Tactics for Late Summer Perch Fishing


Tactics for Late Summer Perch Fishing

Perch, namely the yellow perch common across much of the Midwest and Northern states, represent two important elements of fishing happiness – They’re fun to catch and taste great. Anyone who has ever spent much time fishing for perch can tell you that once you’re on them, it is pretty easy to catch enough for a good-sized meal or two and they can be a hoot and a half to catch. On lakes that are properly managed, perch numbers are strong. Getting on the fish and catching your limit is easier if you know where to look for the fish and the right tactics for late summer perch fishing.

Perch travel in schools and are often found in relatively cool, shallow waters near shore, although that varies according to the size of the lake. Even on the Great Lakes, perch are rarely taken from water more than 30-feet deep. Like many fish, perch will move deeper as the water temperatures climb in the summer months, however, they move shallow to feed in the morning and evening hours. During the spring and fall perch feed throughout the day, and continue to remain active during the winter months. Biologists agree that perch activity lessens at night and the fish rest on the bottom and refrain from feeding, and avoid being fed upon.

Lures and bait

Perch are hearty eaters with a strong appetite. They typically eat insects, larvae and smaller fish, including the young of fish that grow up to feed on perch. Bait for perch fishing includes worms, wax worms, grubs and minnows, plus an assortment of artificial baits.

An original Rapala floating balsa-wood minnow works really well for perch. These baits in size 03 (1.5 inches) can be cast and retrieved, or trolled. They normally run 3-5 feet, but can run deeper when used on a swivel rig, or by simply running a split shot a foot or so above the lure. Perch aren’t very finicky, so color options are up to you and the water conditions.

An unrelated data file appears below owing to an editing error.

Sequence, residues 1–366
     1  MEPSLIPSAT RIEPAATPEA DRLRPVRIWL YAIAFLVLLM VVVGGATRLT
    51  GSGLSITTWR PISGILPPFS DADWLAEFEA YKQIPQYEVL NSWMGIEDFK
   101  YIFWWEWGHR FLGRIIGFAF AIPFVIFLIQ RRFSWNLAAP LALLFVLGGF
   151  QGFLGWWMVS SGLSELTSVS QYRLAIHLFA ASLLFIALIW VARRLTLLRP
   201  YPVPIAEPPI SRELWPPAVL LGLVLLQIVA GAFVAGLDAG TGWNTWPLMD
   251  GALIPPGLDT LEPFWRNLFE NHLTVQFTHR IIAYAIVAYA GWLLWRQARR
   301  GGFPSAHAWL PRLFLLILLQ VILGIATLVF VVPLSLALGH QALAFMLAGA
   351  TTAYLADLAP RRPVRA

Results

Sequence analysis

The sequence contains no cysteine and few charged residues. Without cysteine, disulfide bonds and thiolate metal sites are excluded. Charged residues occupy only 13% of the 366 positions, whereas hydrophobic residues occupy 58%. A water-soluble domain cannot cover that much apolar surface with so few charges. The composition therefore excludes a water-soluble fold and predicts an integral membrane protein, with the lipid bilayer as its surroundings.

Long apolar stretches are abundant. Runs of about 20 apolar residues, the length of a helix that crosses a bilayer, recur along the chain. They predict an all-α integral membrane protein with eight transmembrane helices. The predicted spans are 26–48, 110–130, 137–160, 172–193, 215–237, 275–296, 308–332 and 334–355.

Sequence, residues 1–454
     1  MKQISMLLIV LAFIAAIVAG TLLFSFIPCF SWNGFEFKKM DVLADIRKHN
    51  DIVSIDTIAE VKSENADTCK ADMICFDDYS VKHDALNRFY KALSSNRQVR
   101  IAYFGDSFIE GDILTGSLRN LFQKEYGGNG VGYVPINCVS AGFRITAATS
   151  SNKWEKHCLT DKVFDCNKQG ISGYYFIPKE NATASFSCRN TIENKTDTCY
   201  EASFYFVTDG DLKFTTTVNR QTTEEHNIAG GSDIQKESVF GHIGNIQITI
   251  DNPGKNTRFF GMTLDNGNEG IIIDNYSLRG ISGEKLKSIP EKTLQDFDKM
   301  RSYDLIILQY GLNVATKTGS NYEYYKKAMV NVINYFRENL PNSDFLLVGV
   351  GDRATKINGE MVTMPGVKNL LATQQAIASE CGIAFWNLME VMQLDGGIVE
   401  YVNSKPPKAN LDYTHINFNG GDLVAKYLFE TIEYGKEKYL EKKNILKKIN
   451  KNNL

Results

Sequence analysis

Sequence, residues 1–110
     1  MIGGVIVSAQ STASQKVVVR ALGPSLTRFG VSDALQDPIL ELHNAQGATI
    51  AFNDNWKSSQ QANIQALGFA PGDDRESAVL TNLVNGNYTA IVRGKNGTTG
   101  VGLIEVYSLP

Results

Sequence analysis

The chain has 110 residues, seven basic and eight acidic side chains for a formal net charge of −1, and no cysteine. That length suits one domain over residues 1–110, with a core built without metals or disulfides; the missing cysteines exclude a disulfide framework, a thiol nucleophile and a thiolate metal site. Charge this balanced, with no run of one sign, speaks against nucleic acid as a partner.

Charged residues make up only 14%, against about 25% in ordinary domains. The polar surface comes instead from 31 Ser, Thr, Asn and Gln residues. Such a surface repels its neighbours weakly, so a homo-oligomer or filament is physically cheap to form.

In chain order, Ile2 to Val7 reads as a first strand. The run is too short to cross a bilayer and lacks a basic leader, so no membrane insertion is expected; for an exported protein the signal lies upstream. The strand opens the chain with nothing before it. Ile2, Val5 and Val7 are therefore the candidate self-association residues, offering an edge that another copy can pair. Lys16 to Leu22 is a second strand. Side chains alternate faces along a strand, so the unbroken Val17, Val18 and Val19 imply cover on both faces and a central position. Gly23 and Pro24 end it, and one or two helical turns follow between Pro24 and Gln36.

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Swedish Pimple jigging spoons, tipped with a minnow or worm can be extremely effective. These spoons can be cast or jigged vertically, making them very versatile. Like other lures, these spoons come in a wide range of color options and sizes. For using bait, smaller spoons, like the 1/10th ounce, 1-inch version works very well. There isn’t much weight to this size, but once you find the fish, jigging over top the school can fill your limit in a hurry.

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Live bait rigging

Live bait will almost always outfish artificial lures for perch. As we’ve said, worms, spikes and minnows work well, along with grubs, larvae and more. Perch don’t really discriminate when it comes to feeding.

One of the popular techniques when anglers get on a big school of perch is to run a double-hook setup and fish off the bottom, or close to it. Snelled hooks are a good way to go to start this type of rig. Gamakatsu hooks are favorites around here and they work great for rigging up two minnows.

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Three-way, inline swivels work best for running a snelled, multi-hook setup for perch fishing. Run the loop of the snelled rig through the swivel and then run the hook through the loop and you’re tied up. Use a single egg sinker on the bottom and fish away.

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Rods and reels

Just about any fishing pole and reel will work for perch. However, a sensitive, medium-action rod will let you know when the fish strike, and give you enough backbone for the bigger perch. We prefer a 6.5ft-7ft rod, but you don’t have to spend a fortune. A Shimano Sojurn works really well as a perch rod.

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A good, smooth reel is a must. We’ve been using a Shimano Sahara for a while and it works well. The 2500 size holds enough line – 200/6lb mono – for any perch adventure and the reel is well balanced for all-day fishing.

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Perch make excellent fishing fun and even better meals. Imagine sitting down to a mess of fried perch fillets, a beverage of choice and family and friends. It can’t get much better than that!

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Derrek Sigler is currently a writer for AllOutdoor who has chosen not to write a short bio at this time.

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